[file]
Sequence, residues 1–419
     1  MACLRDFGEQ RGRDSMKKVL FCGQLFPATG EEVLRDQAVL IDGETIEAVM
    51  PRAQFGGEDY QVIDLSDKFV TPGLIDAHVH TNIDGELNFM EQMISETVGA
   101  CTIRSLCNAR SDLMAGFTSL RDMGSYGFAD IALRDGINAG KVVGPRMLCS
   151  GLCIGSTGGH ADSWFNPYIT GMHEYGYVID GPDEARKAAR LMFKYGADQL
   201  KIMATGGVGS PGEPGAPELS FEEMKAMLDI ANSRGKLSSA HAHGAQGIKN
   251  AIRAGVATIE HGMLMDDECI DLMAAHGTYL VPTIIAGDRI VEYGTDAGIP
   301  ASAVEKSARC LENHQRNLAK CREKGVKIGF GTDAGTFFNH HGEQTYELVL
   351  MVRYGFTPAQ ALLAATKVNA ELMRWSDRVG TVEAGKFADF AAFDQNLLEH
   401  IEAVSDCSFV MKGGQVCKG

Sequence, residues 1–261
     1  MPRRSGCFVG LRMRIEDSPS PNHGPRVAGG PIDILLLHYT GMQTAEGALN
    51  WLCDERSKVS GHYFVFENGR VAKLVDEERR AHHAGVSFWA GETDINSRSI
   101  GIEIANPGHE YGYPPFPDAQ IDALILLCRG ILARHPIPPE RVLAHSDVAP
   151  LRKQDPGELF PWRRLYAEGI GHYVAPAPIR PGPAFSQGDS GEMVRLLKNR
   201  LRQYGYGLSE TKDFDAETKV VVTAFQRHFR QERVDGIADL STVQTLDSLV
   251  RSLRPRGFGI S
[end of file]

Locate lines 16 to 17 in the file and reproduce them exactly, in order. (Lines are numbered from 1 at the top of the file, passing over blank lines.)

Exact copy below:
   201  LRQYGYGLSE TKDFDAETKV VVTAFQRHFR QERVDGIADL STVQTLDSLV
   251  RSLRPRGFGI S